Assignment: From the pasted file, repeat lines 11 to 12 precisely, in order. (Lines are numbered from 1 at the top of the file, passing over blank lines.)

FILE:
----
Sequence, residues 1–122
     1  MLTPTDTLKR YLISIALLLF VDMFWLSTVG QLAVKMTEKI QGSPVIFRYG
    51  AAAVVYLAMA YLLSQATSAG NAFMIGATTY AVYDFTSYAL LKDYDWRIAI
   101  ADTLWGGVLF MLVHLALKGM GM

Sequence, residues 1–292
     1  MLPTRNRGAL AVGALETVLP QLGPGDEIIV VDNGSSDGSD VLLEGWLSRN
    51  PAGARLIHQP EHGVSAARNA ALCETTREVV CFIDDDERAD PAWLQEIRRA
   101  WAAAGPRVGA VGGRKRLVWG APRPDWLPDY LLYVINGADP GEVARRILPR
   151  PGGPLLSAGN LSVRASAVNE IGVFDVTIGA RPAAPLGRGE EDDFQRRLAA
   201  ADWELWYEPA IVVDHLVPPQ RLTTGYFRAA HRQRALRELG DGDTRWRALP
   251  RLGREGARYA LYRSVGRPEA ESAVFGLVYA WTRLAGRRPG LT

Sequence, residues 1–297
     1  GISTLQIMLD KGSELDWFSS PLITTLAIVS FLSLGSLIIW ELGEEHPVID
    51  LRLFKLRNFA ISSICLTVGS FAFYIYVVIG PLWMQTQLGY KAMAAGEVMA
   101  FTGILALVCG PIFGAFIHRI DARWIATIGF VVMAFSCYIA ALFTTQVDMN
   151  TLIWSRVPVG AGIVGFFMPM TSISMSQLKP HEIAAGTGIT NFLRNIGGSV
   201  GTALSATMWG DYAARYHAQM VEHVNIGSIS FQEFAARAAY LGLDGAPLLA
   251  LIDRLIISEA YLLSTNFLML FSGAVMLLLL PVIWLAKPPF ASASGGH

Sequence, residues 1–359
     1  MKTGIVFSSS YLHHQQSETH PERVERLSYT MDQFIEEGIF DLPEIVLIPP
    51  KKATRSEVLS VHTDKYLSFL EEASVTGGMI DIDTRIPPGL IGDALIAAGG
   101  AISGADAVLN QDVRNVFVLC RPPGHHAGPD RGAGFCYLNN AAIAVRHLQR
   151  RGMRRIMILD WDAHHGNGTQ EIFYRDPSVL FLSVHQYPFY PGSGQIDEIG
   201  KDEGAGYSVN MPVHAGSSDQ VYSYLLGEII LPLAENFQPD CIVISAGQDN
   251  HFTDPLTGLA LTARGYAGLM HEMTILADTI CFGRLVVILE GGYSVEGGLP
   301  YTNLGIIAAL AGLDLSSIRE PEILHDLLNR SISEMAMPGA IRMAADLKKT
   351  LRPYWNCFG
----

   251  RLGREGARYA LYRSVGRPEA ESAVFGLVYA WTRLAGRRPG LT

Sequence, residues 1–297